Lightricks, the startup behind a suite of photo and video editing apps — including most notably, selfie editor Facetune 2 — is taking its retouching capabilities to video. Today, the company is launching Facetune Video, a selfie video editing app, that allows users to retouch and edit their selfie and portrait videos using a set of A.I.-powered tools.
While there are other selfie video editors on the market, most today are generally focused on edits involving filters and presets, virtually adding makeup, or using AR or stickers to decorate your video in some way. Facetune Video, meanwhile, is focused on creating a photorealistic video by offering a set of features similar to those found in Lightricks’ flagship app, Facetune .
That means users are able to retouch their face with tools for skin smoothing, teeth whitening, and face reshaping, plus eye color, makeup, conceal, glow, and matte features. In addition, users can tweak tools for general video edits, like adjusting the brightness, contrast, color, and more, like other video editing apps allow for. And these edits can be applied in real-time to see how they look as the video plays, instead of after the fact.
In addition, users can apply the effect to one frame only and Facetune Video’s post-processing technology and neural networks will simultaneously apply an effect to the same area of every frame throughout the entire video, making it easier to quickly retouch a problem area without having to go frame-by-frame to do so.
“In Facetune Video, the 3D face model plays a significant role; users edit only one video frame, but it’s on us, behind-the-scenes, to automatically project the location of their edits to 2D face mesh coordinates derived from the 3D face model, and then apply them consistently on all other frames in the video,” explains Lightricks co-founder and CEO Zeev Farbman. “A Lightricks app needs to be not only powerful, but fun to use, so it’s critical to us that this all happens quickly and seamlessly,” he says.
Users can also save their favorite editing functions as “presets” allowing them to quickly apply their preferred settings to any video automatically.
In a future version of the app, the company plans to introduce a “heal” function which, like Facetune, will allow users to easily remove blemishes.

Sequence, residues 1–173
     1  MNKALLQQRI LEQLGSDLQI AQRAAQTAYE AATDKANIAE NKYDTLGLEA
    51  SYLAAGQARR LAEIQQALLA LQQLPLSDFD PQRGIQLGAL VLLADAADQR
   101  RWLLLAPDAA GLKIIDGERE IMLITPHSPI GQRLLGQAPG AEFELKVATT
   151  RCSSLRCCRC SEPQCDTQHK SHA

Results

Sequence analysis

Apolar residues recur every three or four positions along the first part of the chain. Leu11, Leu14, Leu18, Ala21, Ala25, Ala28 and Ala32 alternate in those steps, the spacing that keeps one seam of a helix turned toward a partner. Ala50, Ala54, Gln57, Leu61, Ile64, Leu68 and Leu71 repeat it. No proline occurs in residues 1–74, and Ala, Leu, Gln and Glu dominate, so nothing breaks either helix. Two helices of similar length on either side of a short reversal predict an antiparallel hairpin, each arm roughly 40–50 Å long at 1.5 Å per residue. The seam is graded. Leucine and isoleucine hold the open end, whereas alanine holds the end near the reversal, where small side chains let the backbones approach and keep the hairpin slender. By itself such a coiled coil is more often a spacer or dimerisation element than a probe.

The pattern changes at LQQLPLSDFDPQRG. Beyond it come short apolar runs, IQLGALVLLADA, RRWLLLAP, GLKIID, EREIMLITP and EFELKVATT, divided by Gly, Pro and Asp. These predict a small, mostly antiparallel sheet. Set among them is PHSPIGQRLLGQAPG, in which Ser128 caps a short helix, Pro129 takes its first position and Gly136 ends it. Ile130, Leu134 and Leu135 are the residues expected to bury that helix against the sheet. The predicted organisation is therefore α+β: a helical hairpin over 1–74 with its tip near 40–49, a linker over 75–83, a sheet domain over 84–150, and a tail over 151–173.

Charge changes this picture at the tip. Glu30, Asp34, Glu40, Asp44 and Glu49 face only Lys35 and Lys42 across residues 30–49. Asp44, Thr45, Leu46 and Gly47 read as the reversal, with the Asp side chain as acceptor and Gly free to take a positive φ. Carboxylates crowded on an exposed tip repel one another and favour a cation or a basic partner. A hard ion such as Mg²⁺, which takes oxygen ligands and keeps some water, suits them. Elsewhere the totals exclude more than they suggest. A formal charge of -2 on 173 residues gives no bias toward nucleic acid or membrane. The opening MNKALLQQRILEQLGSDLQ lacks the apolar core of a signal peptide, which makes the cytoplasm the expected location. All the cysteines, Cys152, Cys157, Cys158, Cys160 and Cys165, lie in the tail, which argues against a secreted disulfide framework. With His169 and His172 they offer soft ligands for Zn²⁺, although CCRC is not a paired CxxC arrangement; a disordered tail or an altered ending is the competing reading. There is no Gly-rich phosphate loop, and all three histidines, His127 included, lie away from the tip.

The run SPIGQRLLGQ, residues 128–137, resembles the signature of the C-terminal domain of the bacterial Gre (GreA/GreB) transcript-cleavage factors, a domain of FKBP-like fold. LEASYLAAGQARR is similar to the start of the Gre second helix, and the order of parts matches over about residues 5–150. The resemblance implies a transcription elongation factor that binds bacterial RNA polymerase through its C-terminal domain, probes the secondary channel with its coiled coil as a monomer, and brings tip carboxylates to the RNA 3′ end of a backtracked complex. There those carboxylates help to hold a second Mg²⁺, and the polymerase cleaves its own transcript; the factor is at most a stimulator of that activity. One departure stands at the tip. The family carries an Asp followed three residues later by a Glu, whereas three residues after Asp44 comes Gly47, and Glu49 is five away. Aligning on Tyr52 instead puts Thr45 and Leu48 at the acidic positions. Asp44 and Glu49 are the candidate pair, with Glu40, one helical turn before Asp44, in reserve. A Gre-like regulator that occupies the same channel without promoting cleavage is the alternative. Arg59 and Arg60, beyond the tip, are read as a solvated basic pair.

The technology that makes these selfie video edits work involves Lightricks’ deep neural networks that utilize facial feature detection and geometry analysis for the app’s retouching capabilities. These processes work in real-time without having to transmit data to the cloud first. There’s also no lag or delay while files are rendering.
In addition, Facetune Video uses the facial feature detection along with 3D face modeling A.I. to ensure that every part of the user’s face is captured for editing and retouching, the company says.
“What we’re also doing is taking advantage of lightweight neural networks. Before the user has even begun to retouch their selfie video, A.I.-powered algorithms are already working so that the user experience is quick and interactive,” says Farbman.
The app also does automated segmentation of more complex parts of the face like the interior of the eye, hair, or the lips, which helps it achieve a more accurate end result.
“It’s finding a balance between accuracy in the strength of the face modeling we use, and speed,” Farbman adds.
One challenge here was overcoming the issue of jittering effects, which is when the applied effect shakes as the video plays. The company didn’t want its resulting videos to have this problem, which makes the end result look gimmicky, so it worked to eliminate any shake-like effects and other face tracking issues so videos would look more polished and professional in the end.
The app builds off the company’s existing success and brand recognition with Facetune. With the new app, for example, the retouch algorithms mimic the original Facetune 2 experience, so users familiar with Facetune 2 will be able to quickly get the hang of the retouch tools.
The launch of the new app expands Lightricks further in the direction of video, which has become a more popular way of expressing yourself across social media, thanks to the growing use of apps like TikTok and features like Instagram Stories, for example.
Before, Lightricks’ flagship video product, however, was Videoleap, which focused on more traditional video editing, and not selfie videos where face retouching could be used.
Facetune has become so widely used, its name has become a verb — as in, “she facetunes her photos.” But it has also been criticized at times for its unrealistic results. (Of course, that’s more on the app’s users sliding the smoothing bar all the way to end.)
Across its suite of apps, which includes the original Facetune app (Facetune Classic), Facetune 2, Seen (for Stories), Photofox, Video Leap, Enlight Quickshot, Pixaloop, Boosted, and others, including a newly launched artistic editor, Quickart, the company has generated over 350 million downloads.
Its apps also now reach nearly 200 million users worldwide. And through its subscription model, Lightricks is now seeing what Farbman describes as revenues that are “increasing exponentially year-over-year,” but that are being continually reinvested into new products.
Like its other apps, Facetune Video will monetize by way of subscriptions. The app is free to use by will offer a VIP subscription for more features, at a price point of $8 per month, $36 per year, or a one-time purchase of $70.
Facetune 2 subscribers will get a discount on annual subscriptions, as well. The company will also sell the app in its Social Media Kit bundle on the App Store, which includes Facetune Video, Facetune 2, Seen and soon, an undisclosed fourth app. However, the company isn’t yet offering a single subscription that provides access to all bundled apps.
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